1. Not finding help here? Sign up for a free 30min tutor trial with Chegg Tutors
    Dismiss Notice
Dismiss Notice
Join Physics Forums Today!
The friendliest, high quality science and math community on the planet! Everyone who loves science is here!

Primitive root !

  1. Mar 12, 2008 #1
    If a is a perfect square then a is not a primitive root modulo p (p is an odd prime). (from Artin's conjecture on primitive roots) http://en.wikipedia.org/wiki/Artin's_conjecture_on_primitive_roots

    This is what I know: suppose a = b^2
    a is a primitive root mod p when , a^(p-1) congruent to 1 (mod p)
    that means b^2^(p-1) congruent to 1 (mod p)..,... I got stuck from here. Someone kindly gives me a hint ?

    thank you
     
  2. jcsd
  3. Mar 13, 2008 #2
    Actually the test you give is not correct. The test is that every number [tex]n[/tex] such that [tex]n^{p-1} = 1 \mod p[/tex] must equal some power of [tex]a[/tex] modulus [tex]p[/tex]. In other words if p is prime and a is a primitive root then the set of [tex]a^i \mod p[/tex] equals the congruence set {1,2,3 ... p-1}. But a = b^2 = a primitive root implies b is also a primitive root. Could b and b^2 both be primitive roots?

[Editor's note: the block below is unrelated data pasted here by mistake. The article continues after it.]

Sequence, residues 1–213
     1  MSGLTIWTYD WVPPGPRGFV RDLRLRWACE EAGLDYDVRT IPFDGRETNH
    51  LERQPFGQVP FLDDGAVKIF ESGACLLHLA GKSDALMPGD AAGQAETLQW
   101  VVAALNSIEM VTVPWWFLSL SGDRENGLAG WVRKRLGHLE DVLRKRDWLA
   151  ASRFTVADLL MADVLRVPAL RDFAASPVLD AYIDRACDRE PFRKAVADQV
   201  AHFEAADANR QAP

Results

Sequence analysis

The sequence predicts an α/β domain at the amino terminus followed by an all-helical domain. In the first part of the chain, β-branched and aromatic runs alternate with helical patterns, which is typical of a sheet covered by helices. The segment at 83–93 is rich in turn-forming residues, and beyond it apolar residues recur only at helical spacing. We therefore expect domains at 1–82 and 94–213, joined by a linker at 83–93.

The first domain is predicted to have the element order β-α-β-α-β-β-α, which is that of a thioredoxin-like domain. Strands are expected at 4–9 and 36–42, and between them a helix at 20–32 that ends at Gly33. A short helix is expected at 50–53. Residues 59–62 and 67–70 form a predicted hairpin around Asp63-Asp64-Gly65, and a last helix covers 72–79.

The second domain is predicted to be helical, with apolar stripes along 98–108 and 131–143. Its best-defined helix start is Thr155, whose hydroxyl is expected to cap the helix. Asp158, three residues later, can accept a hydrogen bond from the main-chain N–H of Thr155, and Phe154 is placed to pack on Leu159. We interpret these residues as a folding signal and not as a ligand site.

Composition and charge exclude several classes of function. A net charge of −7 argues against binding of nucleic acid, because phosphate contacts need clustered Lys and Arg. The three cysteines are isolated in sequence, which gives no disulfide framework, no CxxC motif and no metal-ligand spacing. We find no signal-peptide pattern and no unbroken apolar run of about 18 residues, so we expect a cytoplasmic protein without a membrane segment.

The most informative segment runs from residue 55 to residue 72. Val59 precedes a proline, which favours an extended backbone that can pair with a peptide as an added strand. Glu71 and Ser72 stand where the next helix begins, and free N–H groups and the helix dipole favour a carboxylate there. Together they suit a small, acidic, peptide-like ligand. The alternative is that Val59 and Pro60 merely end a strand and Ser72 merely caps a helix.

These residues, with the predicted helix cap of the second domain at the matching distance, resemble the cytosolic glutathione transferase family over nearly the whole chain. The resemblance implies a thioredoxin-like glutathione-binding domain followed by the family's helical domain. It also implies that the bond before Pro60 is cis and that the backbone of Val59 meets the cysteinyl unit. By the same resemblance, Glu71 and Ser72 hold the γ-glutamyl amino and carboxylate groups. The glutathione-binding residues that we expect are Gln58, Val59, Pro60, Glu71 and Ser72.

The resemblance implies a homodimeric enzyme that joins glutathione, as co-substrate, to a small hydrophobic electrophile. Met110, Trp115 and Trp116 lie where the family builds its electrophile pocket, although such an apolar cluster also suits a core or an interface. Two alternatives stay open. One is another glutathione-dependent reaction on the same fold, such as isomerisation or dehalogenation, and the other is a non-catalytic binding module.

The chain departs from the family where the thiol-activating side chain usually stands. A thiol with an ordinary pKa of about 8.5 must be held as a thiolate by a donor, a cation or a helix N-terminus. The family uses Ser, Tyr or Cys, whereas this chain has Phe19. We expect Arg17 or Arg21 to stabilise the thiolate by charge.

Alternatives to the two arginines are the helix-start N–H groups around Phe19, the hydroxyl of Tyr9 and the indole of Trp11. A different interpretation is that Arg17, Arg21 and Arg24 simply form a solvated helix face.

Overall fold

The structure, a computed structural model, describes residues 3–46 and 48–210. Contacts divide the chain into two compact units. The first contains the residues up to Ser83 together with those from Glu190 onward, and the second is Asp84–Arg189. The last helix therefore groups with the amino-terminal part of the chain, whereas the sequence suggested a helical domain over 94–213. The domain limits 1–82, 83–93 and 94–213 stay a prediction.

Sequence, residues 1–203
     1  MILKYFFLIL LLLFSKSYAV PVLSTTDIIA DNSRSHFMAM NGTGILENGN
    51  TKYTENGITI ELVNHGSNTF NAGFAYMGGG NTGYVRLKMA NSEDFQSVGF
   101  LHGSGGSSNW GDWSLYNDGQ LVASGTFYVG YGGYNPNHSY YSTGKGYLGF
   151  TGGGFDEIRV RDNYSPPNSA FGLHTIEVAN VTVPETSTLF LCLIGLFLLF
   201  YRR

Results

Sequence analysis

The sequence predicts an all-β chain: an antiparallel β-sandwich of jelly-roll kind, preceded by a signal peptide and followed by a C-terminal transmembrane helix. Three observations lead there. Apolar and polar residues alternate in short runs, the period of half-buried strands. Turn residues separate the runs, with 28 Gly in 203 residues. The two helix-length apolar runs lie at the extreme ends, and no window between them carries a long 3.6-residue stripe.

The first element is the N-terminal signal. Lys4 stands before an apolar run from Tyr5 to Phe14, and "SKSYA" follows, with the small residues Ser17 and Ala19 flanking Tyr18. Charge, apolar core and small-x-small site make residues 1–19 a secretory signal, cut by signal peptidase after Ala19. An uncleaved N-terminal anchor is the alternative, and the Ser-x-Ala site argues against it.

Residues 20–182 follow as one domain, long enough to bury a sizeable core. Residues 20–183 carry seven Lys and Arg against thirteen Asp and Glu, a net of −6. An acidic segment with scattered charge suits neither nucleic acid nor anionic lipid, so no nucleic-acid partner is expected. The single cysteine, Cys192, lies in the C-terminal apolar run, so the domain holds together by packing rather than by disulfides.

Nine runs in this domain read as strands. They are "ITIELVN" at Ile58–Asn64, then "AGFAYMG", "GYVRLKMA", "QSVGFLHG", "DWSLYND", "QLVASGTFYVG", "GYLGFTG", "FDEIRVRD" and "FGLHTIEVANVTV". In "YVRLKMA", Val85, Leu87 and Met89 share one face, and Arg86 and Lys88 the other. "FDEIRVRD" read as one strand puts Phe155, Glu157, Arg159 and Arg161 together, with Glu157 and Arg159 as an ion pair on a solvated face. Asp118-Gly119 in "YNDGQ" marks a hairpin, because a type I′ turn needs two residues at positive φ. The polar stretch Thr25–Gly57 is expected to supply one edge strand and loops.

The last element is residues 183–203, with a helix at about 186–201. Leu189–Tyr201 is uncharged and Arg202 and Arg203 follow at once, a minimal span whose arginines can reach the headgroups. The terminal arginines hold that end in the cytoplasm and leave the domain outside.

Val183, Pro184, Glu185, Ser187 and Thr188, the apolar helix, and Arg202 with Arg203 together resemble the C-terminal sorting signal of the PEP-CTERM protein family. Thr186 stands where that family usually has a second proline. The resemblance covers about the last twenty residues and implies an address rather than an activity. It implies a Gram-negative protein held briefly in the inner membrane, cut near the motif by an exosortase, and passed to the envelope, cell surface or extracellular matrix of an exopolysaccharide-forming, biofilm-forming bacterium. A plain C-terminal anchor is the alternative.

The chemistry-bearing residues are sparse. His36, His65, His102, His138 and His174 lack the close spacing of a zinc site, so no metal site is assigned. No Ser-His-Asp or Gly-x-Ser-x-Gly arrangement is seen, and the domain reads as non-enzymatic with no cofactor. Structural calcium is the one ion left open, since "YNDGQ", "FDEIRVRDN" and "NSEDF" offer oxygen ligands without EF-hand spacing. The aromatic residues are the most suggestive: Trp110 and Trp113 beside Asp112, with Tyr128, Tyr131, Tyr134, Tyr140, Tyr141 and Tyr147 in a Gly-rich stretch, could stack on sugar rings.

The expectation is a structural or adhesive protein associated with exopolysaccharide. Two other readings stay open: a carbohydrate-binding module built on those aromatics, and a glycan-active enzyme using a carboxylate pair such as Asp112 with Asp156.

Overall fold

Last edited: Mar 13, 2008
  4. Mar 13, 2008 #3
    The matter is easy enough. Every element is such that a^(p-1)==1 Mod p, for p prime.

    But to be a primitive root, a must be such that a, a^2, a^3....a^(p-1) all generate
    different elements.

    However should a ==b^2 Mod p, then a^(p-1)/2 ==b^(p-1) ==1 Mod p. So that a is then capable of generating no more than half the multiplicative group.
     
Know someone interested in this topic? Share this thread via Reddit, Google+, Twitter, or Facebook

Have something to add?



Similar Discussions: Primitive root !
  1. Primitive roots (Replies: 10)

  2. Primitive roots (Replies: 5)

  3. Primitive roots. (Replies: 3)

Loading...